Red, Ready, but will improve

2015 Bourgogne Rouge, Camille Giroud

2015 Bourgogne Rouge, Camille Giroud

Red | Ready, but will improve | Maison Camille Giroud | Code:  42891 | 2015 | France > Burgundy > Bourgogne > Bourgogne Rouge | Pinot Noir | Light-Medium Bodied, Dry | 12.5 % alcohol

Prices: 

En Primeur

Bottle 6 x 75cl166cs

£64.50
See All Listings

The Producer

Maison Camille Giroud

Maison Camille Giroud

There are two parts to the Camille Giroud story. The first begins in 1865 when the enterprising young Camille Giroud founded the small négociant firm which carries his name. He married late, as did his son, so by the end of the 20th century the company was still being run by the founder’s daughter-in-law and her two sons. The company’s motto in the later days was to make wine in as old-fashioned a way as possible: heavy extraction and very long barrel ageing. Part of the crop might be sold early on but most was kept back until it was ready to drink, which might be 30 or 40 years later. There were plenty of misses but also some extraordinarily fine wines. Almost all production was and still is red. Stocks of these old style wines still exist, with various 1976s still to be offered for sale.

In January 2002 the company was bought by an American consortium led by banker Joe Wender and winery owner Ann Colgin, and a new chapter began.  The business is managed by winemaker/technical director David Croix (of the eponymous Domaine des Croix) with a major revamping of the winemaking facilities and especially replacement and renewal of the old barrels to make wines in a much purer, more modern style. The company also owns 1.20 hectares of vineyards, consisting of Hautes-Côtes de Beaune, Beaune premier cru Cras and Beaune premier cru Avaux.

The quality of winemaking is now consistent and very much in the modern, quality-oriented genre, although the practice of very gentle oak treatment and little racking continues, so that each cuvée has a very individual character.

Camille Giroud has tiny vineyard holdings in Beaune; otherwise  relying on contracts from as far afield as Marsannay and Maranges, with particular strengths in Corton and the Gevrey Chambertin vineyards. The current plan is to increase the range of white wine offerings.

Jasper Morris MW, Burgundy Wine Director and author of the award-winning Inside Burgundy comprehensive handbook.

The Grape

Pinot Noir

Pinot Noir

Pinot Noir is probably the most frustrating, and at times infuriating, wine grape in the world. However when it is successful, it can produce some of the most sublime wines known to man. This thin-skinned grape which grows in small, tight bunches performs well on well-drained, deepish limestone based subsoils as are found on Burgundy's Côte d'Or.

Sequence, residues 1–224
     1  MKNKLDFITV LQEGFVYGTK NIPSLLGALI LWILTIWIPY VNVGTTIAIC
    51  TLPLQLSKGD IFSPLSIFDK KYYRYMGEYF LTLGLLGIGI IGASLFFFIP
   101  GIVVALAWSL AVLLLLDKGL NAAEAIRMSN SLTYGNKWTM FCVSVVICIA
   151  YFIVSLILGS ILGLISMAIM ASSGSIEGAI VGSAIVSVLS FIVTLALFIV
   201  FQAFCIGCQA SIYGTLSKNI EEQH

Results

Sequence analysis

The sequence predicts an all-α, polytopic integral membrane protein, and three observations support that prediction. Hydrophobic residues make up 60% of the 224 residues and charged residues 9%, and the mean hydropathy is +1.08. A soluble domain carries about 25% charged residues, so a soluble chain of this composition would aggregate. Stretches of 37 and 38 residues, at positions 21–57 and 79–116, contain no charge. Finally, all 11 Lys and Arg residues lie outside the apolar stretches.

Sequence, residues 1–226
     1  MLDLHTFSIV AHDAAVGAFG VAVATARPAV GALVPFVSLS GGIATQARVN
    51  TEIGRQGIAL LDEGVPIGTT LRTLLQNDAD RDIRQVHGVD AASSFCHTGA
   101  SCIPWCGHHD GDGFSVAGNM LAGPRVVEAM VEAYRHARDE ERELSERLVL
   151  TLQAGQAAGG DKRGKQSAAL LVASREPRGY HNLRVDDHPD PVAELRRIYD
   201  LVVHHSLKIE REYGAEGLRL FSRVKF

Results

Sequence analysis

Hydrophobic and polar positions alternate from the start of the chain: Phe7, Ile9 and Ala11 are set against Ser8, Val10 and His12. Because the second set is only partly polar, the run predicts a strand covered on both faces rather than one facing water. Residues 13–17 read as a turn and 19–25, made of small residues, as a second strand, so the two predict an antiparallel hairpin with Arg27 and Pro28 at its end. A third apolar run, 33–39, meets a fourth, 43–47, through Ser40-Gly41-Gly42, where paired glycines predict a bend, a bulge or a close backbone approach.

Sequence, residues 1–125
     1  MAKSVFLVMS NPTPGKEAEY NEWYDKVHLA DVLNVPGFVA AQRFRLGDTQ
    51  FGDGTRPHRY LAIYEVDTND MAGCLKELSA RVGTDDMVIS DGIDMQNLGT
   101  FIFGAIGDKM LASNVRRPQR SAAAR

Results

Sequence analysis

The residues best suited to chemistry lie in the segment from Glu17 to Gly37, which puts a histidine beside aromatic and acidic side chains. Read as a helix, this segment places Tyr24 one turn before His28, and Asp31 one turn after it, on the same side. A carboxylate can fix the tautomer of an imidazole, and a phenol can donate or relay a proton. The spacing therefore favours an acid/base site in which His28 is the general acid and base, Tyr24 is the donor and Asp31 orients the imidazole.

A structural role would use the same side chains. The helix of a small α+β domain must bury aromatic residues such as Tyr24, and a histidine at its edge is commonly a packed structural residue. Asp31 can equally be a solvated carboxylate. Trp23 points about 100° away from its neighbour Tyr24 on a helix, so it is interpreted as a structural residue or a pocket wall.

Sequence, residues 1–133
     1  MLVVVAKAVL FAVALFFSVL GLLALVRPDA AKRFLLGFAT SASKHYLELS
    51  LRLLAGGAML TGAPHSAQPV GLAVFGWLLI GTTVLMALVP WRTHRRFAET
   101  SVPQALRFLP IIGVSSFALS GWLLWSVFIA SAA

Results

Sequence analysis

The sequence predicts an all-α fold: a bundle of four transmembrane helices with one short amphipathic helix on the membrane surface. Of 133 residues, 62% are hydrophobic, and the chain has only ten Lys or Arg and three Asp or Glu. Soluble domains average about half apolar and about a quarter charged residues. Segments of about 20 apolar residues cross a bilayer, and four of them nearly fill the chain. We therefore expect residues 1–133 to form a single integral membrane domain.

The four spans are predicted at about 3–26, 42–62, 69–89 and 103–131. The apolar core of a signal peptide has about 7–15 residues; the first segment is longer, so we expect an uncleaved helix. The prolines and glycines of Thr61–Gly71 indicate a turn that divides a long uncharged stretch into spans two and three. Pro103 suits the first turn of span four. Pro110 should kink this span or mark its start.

Pinot Noir is more susceptible than other varieties to over cropping - concentration and varietal character disappear rapidly if yields are excessive and yields as little as 25hl/ha are the norm for some climats of the Côte d`Or.

Because of the thinness of the skins, Pinot Noir wines are lighter in colour, body and tannins. However the best wines have grip, complexity and an intensity of fruit seldom found in wine from other grapes. Young Pinot Noir can smell almost sweet, redolent with freshly crushed raspberries, cherries and redcurrants. When mature, the best wines develop a sensuous, silky mouth feel with the fruit flavours deepening and gamey "sous-bois" nuances emerging.

The best examples are still found in Burgundy, although Pinot Noir`s key role in Champagne should not be forgotten. It is grown throughout the world with notable success in the Carneros and Russian River Valley districts of California, and the Martinborough and Central Otago regions of New Zealand.

The Region

Bourgogne Rouge


Bourgogne Rouge is the term used to apply to red wines from Burgundy that fall under the generic Bourgogne AOC, which can be produced by over 350 individual villages across the region. As with Bourgogne Blanc and Bourgogne Rosé, this is a very general appellation and thus is hard to pinpoint any specific characteristics of the wine as a whole, due to the huge variety of wines produced.
 
Around 4,600 acres of land across Burgundy are used to produce Bourgogne Rouge, which is around twice as much as is dedicated towards the production of generic whites.
 
Pinot Noir is the primary grape used in Bourgogne Rouge production, although Chardonnay, Pinot Blanc, Pinot Gris and in Yonne, César grapes are all also permitted to make up the rest of the wine. These wines tend to be focused and acidic, with the fruit less cloying than in some New World wines also made from Pinot Noir, and they develop more floral notes as they age.

Although an entry-level wine, some Bourgogne Rouges can be exquisite depending on the area and producer, and yet at a very affordable price.

En Primeur Details
 
En Primeur Wine


Wine Laying Abroad
Also known as Wine Futures, En Primeur refers to the process of buying wines before they are bottled and released onto the market. Wines are purchased exclusive of Duty and VAT and then usually shipped atleast 1 year after the vintage.They can only be purchased by the unmixed case (12 bottles, 24 half bottles, 6 magnums etc.).

On arrival in the UK the wines will be stored, under bond, on your behalf in our Customers' Private Reserves . All En Primeur purchases are Ex-Vat and Ex-Duty.If/when you choose to have the wines delivered (anywhere in the EU) these taxes become payable.

Berry Bros. & Rudd en primeur prices include shipping from the winery to our UK Warehouse AND then onwards to your door within mainland UK. Other merchants may charge you as much as £17 per case extra for shipping, handling, warehousing charges AND then delivery to your door.
See En Primeur FAQs and the benefits of buying En Primeur .
FREE SHIPPING
FREE DELIVERY
Customer Reviews
Questions And Answers